Buffalo, NY (WBEN) The controversy over Grand Island sophomore Shane Kinney's NRA t-shirt has some people wondering if Kinney's parents have a federal case. One attorney well versed in the First Amendment says yes.
"I think that's totally protected speech," says Paul Cambria, who says the shirt pictured does not incite violent action. "Simply reciting a political opinion the Second Amendment protects the right to possess arms and showing the arms is the essence of political speech and is protected even in a school environment."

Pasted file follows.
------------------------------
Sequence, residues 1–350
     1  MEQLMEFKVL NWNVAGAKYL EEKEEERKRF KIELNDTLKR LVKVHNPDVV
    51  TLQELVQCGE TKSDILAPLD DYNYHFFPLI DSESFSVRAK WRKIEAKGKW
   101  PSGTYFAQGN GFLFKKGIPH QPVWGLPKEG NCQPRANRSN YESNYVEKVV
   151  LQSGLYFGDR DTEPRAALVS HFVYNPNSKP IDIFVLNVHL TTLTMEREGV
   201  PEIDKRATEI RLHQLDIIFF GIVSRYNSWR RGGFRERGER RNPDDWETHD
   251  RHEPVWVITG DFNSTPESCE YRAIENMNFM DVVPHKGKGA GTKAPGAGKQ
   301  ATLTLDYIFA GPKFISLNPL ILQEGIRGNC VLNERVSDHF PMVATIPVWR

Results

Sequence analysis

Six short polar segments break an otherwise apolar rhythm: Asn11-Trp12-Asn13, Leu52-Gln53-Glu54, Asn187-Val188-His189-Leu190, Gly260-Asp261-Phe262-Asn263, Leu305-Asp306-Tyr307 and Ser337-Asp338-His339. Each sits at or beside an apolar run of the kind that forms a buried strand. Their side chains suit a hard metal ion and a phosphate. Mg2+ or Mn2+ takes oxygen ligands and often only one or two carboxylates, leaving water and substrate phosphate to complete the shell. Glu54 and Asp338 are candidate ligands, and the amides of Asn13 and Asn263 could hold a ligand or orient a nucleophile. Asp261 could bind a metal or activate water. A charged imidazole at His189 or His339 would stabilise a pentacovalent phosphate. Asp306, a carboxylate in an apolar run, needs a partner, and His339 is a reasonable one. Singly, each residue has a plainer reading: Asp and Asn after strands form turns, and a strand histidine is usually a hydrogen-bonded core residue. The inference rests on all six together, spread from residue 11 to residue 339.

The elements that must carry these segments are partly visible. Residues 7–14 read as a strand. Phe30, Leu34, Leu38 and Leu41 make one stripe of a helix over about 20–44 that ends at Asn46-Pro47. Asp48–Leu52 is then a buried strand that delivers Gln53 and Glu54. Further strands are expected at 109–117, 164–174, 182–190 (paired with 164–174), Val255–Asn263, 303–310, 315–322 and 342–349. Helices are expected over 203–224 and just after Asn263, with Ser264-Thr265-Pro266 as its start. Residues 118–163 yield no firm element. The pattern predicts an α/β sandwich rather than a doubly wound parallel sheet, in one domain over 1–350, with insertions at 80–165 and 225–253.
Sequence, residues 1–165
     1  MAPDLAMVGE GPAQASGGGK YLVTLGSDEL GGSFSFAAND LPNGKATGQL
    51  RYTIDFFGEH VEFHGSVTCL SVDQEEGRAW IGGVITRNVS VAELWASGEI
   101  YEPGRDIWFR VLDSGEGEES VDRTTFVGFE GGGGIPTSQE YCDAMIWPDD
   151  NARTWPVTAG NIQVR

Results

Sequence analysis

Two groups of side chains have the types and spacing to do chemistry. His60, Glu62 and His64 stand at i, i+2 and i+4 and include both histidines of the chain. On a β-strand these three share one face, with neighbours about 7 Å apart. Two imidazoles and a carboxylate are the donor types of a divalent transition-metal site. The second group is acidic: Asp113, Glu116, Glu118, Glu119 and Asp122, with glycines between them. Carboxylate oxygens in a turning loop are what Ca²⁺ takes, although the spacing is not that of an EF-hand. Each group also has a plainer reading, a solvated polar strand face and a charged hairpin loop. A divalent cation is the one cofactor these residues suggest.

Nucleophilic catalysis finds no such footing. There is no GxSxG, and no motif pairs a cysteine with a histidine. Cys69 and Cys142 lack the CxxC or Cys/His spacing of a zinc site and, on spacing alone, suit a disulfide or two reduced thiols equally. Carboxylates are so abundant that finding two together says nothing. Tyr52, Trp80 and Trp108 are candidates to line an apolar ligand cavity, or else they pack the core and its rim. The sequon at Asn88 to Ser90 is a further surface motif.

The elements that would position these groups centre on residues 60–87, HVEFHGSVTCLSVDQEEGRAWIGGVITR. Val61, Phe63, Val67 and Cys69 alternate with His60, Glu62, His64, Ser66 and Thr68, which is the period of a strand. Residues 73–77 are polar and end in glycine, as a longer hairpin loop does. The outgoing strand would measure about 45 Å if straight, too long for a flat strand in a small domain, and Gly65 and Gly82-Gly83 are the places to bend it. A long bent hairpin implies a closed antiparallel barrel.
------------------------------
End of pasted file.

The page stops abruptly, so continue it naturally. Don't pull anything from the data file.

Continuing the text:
For those wondering about insubordnation by Kinney for refusing to turn the shirt inside out as ordered by administrators, Cambria says that does not apply. "You cannot be insubordinate when the request is unlawful," explains Cambria. He also wonders if other shirts with guns depicted, like a Roy Rogers shirt, would also be outlawed.
Cambria says his parents could sue, but would likely have trouble proving damages. "They would be entitled to legal fees if they prevailed, but they could certainly get an injunction preventing interference with a young person expressing his view of the Second Amendment," believes Cambria.